Let's help Dave get his facts straight

Two more thoughts following yesterday's awful joblessness figures.

A couple of points. Some have claimed that the UK private sector created half a million jobs over the past 12 months -- including, apparently, the Prime Minister at PMQs yesterday.

So let's help Dave get his facts straight. The Office for National Statistics (ONS) only provides data on employment in the public and private sector every three months and the latest data is only available up until June 2011. Over the 12 months to June 2011, private-sector employment grew by 264,000, while public-sector employment fell by 240,000.

Notably, the ONS also produces estimates of what happened to employment since then. Over the three month period between June and August 2011, employment fell by a further 178,000. It will be interesting to see the mix between public- and private-sector job losses in due course. This coalition is destroying jobs, not creating them.

Second, my friend Adam Posen set out very clearly in his recent speech the arguments for assisting small and medium-size businesses in obtaining lending. I am pleased that the Chancellor is looking into possible ways that the Treasury can implement this plan. The concern is that little preparation has been done, which means that any scheme is likely to take a really long time to have any impact. The big rise in unemployment announced yesterday makes this all the more urgent.

Data reported by the European Commission this week suggests that the situation in the UK is much more serious than in almost any other country in Europe. The table below shows how the proportion of unsuccessful loan applications by SMEs (small and medium-sized enterprises) has changed over time. Loan denials have risen in every country with the economic crisis.


A scary thought: the proportion of loan denials is especially high in the UK, and higher than in all other major western countries other than the Netherlands. The concern is that this Chancellor, once again, is doing too little, too late.

So, when will loans to SMEs start to improve? My suspicion is not for a very long time and this will slow growth further.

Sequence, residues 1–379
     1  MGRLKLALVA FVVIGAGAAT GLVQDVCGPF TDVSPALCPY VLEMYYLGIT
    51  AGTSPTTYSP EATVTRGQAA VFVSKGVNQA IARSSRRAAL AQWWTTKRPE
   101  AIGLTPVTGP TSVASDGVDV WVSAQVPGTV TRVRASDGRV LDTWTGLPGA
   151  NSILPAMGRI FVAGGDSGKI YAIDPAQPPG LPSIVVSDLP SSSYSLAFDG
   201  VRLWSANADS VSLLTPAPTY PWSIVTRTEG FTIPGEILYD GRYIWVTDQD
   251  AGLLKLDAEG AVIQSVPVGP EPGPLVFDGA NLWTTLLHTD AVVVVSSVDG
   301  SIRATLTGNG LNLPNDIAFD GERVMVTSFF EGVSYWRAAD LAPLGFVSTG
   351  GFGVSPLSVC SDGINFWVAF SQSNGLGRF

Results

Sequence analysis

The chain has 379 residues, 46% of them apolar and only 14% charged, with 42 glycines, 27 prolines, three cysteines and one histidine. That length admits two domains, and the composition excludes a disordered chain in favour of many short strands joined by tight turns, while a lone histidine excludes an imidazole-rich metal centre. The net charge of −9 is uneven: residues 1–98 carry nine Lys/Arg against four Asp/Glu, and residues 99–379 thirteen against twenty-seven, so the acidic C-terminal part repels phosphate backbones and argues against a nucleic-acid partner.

David Blanchflower is economics editor of the New Statesman and professor of economics at Dartmouth College, New Hampshire

Grant Shapps on the campaign trail. Photo: Getty
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Grant Shapps resigns over Tory youth wing bullying scandal

The minister, formerly party chairman, has resigned over allegations of bullying and blackmail made against a Tory activist. 

Grant Shapps, who was a key figure in the Tory general election campaign, has resigned following allegations about a bullying scandal among Conservative activists.

Shapps was formerly party chairman, but was demoted to international development minister after May. His formal statement is expected shortly.

The resignation follows lurid claims about bullying and blackmail among Tory activists. One, Mark Clarke, has been accused of putting pressure on a fellow activist who complained about his behaviour to withdraw the allegation. The complainant, Elliot Johnson, later killed himself.

The junior Treasury minister Robert Halfon also revealed that he had an affair with a young activist after being warned that Clarke planned to blackmail him over the relationship. Former Tory chair Sayeedi Warsi says that she was targeted by Clarke on Twitter, where he tried to portray her as an anti-semite. 

Shapps appointed Mark Clarke to run RoadTrip 2015, where young Tory activists toured key marginals on a bus before the general election. 

Today, the Guardian published an emotional interview with the parents of 21-year-old Elliot Johnson, the activist who killed himself, in which they called for Shapps to consider his position. Ray Johnson also spoke to BBC's Newsnight:


The Johnson family claimed that Shapps and co-chair Andrew Feldman had failed to act on complaints made against Clarke. Feldman says he did not hear of the bullying claims until August. 

Asked about the case at a conference in Malta, David Cameron pointedly refused to offer Shapps his full backing, saying a statement would be released. “I think it is important that on the tragic case that took place that the coroner’s inquiry is allowed to proceed properly," he added. “I feel deeply for his parents, It is an appalling loss to suffer and that is why it is so important there is a proper coroner’s inquiry. In terms of what the Conservative party should do, there should be and there is a proper inquiry that asks all the questions as people come forward. That will take place. It is a tragic loss of a talented young life and it is not something any parent should go through and I feel for them deeply.” 

Mark Clarke denies any wrongdoing.

Helen Lewis is deputy editor of the New Statesman. She has presented BBC Radio 4’s Week in Westminster and is a regular panellist on BBC1’s Sunday Politics.